Build 2020 Highlights
Build has started today, and like most events during this time it has gone virtual. I’ve been following it online and just wanted to mention a handful of things from the opening keynotes that made an impression.
We’ve had chocolatey for a while, we’ve also had scoop and appget as alternatives. Microsoft then added
one-get which also let you add providers such as chocolatey. But it looks like we now finally have a great package manager to use in Windows: winget. It seems it’ll make things much simpler for us. It seems to use a curated list of apps and you can contribute to the list of apps in their repo here. I’ve been working on a script to set up my machine so it seems like I need to refactor them now 😅
WSL2 is out of preview as of the last version of windows, but we’ll be getting more cool stuff soon. I was quite surprised to see a linux node in windows explorer, providing a quick link to the linux filesystem. And GUI apps running in windows, even if it’s just in preview at the moment, is awesome. More details here.
I don’t think any of this was “new new”, but:
- Codespaces are great. And paired with having a dev environment working on the cloud is super useful.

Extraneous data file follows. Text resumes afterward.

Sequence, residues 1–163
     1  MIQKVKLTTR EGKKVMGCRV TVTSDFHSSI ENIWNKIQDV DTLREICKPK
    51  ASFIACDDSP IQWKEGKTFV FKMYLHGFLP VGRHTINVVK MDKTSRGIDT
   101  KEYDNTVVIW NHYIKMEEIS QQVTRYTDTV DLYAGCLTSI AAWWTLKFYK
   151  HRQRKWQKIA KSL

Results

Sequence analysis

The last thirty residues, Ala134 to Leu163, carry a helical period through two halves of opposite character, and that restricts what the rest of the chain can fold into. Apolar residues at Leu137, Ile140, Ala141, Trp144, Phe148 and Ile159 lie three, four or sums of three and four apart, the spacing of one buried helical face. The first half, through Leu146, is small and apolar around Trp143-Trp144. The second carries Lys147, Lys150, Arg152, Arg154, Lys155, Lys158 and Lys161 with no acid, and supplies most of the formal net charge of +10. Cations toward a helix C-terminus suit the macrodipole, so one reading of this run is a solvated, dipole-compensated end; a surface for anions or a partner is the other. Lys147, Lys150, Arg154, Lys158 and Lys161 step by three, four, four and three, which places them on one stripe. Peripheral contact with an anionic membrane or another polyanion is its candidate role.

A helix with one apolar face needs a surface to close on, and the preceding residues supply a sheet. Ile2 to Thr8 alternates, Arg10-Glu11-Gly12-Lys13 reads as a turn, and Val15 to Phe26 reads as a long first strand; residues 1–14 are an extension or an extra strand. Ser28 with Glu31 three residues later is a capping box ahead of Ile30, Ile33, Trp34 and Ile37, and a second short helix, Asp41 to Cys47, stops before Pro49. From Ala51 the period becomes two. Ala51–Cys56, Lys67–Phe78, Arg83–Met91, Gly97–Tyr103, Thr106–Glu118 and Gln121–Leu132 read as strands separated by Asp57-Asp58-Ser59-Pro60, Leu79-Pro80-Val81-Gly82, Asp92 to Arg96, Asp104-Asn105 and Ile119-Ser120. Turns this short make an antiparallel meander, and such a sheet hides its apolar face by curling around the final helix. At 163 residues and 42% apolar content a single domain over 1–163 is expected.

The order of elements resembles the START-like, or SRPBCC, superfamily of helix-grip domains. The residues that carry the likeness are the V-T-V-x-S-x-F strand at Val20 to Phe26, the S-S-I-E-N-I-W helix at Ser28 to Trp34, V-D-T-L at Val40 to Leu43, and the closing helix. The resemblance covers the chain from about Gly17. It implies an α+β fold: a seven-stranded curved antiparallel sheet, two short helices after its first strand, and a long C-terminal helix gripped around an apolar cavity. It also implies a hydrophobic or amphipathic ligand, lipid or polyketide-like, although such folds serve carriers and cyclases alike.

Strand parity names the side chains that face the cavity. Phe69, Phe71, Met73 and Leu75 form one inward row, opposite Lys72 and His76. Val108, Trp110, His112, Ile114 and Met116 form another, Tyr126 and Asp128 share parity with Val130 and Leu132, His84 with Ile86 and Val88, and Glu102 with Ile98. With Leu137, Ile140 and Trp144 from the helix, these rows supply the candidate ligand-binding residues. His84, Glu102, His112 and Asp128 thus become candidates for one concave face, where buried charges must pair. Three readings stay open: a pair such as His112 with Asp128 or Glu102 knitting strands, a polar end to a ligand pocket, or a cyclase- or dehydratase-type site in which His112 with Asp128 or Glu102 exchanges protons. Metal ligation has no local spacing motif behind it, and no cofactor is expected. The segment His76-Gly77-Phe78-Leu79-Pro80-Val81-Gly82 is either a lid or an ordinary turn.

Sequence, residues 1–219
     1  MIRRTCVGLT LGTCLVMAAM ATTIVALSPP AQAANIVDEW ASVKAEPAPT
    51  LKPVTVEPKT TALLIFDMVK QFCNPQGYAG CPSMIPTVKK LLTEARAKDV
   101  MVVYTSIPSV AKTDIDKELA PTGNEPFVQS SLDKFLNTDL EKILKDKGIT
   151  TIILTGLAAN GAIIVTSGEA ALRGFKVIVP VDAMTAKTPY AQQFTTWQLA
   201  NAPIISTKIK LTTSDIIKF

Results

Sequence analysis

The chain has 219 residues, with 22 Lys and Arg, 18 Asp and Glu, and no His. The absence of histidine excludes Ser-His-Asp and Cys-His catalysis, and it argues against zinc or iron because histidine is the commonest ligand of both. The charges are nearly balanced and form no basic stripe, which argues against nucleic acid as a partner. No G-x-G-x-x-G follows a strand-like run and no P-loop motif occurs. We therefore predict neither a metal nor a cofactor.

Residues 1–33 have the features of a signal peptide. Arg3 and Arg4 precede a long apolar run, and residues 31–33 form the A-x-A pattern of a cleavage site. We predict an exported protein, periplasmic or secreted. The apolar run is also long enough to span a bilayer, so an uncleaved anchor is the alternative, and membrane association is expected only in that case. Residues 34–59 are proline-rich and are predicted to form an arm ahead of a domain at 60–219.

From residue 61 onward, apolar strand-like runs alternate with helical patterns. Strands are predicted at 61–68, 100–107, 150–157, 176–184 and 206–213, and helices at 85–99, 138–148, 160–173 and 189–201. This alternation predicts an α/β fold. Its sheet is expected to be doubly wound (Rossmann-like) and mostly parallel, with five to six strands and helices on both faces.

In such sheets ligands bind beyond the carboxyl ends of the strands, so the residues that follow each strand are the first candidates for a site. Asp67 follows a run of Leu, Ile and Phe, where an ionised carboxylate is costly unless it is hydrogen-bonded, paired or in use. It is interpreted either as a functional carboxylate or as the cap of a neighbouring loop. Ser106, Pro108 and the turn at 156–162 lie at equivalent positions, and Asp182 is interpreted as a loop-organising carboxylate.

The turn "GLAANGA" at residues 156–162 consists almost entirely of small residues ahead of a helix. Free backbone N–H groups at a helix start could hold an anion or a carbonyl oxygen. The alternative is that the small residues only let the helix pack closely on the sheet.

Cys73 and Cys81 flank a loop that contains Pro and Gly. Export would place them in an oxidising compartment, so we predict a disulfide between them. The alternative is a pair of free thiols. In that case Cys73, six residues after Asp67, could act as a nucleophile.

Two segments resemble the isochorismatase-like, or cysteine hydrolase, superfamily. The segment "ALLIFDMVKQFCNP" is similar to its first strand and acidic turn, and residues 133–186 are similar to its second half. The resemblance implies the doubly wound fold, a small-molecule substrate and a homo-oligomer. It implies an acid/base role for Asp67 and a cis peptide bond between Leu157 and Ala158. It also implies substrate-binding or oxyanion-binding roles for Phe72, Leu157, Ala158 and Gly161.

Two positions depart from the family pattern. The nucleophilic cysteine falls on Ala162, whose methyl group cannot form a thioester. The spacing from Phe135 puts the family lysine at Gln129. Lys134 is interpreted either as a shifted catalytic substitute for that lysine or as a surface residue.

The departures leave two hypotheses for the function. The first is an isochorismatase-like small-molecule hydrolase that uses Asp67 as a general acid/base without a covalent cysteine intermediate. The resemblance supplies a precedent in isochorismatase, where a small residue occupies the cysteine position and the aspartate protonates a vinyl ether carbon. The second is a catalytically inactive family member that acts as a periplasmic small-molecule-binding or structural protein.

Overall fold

- I hadn’t heard of GitHub sponsors before. It’s a great tool for all developers out there working on opens source stuff.
Azure Static Web Apps
This was really cool to watch. It lets you deploy full stack web apps from a GitHub repo to Azure. These can be build by frameworks like Angular, React or View, or site generators like Gatsby. You can also optionally have a backend powered by Azure Functions. You set it up pointing to your repo and it automatically configures a GitHub Actions workflow. Read more.
We had more details on the future of WinUI
OK, so they took Xamarin.Forms and turned it up to eleven. The .NET Multi-platform App UI (MAUI) lets you target Windows, Android, iOS and macOS with a single project. (I need to look into this a bit more to see how it compares with Uno Platform)
So Microsoft is attempting to solve the UWP vs Win32 rift by decoupling APIs from these frameworks. This has been done for WinUI 3, Webview2, and MSIX. Here’s the Windows blog on this.
There’s going to a lot more to unpack today and in the coming days, and there’s a whole lot of content summarized in Microsoft’s Book of News so I’m going to leave it here for now.